UNKNOWN MASTER, French
Vir Dolorum (Man of Sorrows)1400-20
Lead and tempera on wood, 8,7 x 12,6 cm
Deutsche Staatsbibliothek, Berlin
On grounds of the inscription on the cover of the twelve panels that had originally been fastened together to form a book, the picture is considered to be the work of a painter called "Jaques Daliwe", who probably had immigrated to France from the Low Countries and then worked beside the Limbourg brothers in the court of the Duc de Berry. (Though the name "Daliwe" could be also a reference to the proprietor.) The artist may have used the booklet as a note-book for about twenty years. In it he put down his memories, ideas and everything he saw and considered interesting while moving from one place to another. Often, as was the case with the drawing reproduced here, he composed homogeneous scenes from the different motifs in his individual manner.
As a rule the seated lamenting figures of the Virgin and St John are represented below the crucified Christ. But here both Christ and the cross have been removed and only the two of them remain in the place of the Crucifixion. In front of them there are scattered the instruments of torture, whereas behind them - as though it were their common thought - the figure of the suffering Christ is to be seen surrounded by a cloud of angels. His face is distorted by pain, His head is bowed forwards and His crossed arms have slipped slightly sideways in the sarcophagus. The imagination of His mother and His favourite disciple have enlarged His figure into monumental dimensions, but the two react to the scene in different ways: the Virgin is leaning her face onto her hand and is engrossed in her thoughts; wrapped in her cloak, she stares into space. St John is more agitated and active, and raises his head passionately.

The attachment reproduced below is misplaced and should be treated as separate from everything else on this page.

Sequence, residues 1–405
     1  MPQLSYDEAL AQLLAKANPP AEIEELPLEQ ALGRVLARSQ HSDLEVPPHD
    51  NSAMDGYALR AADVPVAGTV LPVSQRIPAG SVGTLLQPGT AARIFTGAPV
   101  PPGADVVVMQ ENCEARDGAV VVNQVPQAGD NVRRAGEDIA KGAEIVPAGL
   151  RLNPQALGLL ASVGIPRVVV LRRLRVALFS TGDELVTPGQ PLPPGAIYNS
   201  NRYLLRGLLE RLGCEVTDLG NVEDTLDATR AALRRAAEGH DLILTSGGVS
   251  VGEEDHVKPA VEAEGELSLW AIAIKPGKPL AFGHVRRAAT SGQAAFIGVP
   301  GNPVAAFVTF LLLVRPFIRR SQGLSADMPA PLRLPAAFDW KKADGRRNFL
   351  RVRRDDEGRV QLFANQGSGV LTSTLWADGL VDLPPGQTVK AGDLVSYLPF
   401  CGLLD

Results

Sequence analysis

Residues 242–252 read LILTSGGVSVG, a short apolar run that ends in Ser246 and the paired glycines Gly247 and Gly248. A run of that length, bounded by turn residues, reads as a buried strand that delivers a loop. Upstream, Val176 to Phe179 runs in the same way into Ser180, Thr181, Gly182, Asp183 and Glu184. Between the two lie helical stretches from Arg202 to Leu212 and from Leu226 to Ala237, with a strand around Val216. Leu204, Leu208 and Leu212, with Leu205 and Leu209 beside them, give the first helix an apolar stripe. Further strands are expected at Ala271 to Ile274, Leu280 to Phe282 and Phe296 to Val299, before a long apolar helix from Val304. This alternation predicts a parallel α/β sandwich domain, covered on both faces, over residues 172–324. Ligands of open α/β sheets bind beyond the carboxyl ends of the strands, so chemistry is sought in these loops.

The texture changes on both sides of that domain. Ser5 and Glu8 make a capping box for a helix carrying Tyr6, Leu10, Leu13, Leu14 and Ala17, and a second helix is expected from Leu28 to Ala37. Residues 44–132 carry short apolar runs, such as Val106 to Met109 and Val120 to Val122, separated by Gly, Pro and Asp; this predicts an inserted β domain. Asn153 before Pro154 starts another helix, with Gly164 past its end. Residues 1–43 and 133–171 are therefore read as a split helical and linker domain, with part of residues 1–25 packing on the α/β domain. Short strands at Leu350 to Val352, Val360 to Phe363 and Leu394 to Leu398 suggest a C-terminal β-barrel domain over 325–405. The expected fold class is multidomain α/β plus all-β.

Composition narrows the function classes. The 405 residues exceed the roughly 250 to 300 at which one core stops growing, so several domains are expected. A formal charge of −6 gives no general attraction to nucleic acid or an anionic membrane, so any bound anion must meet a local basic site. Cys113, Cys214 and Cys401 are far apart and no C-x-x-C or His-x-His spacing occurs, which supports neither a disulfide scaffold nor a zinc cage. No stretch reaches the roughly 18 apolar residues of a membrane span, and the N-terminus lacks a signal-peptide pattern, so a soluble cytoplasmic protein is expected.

The difference between the vision and the real scene is shown not only in the scale of the figures but also in the technique of drawing. The Virgin, St John and the ground are modelled with the most delicate tints of grey, while the paler figure of Christ is interpreted by more linear means, first of all with contours, whereas the host of angels is conveyed only by gossamer fine outlines. The drawing may have been a preparatory sketch to a painting, its composition being based on a strictly geometrical framework. The central axis of the picture is indicated by two nails lying in the foreground and meeting at their tips. If we, in our imagination, lengthen their lines up to the top corners we get two smaller triangles on the two sides and a larger one in the middle of the top. The former include the figures of the Virgin and of St John respectively, whereas the latter frames Christ's figure with the angels, whose whirling movements fill up the triangle standing on its point.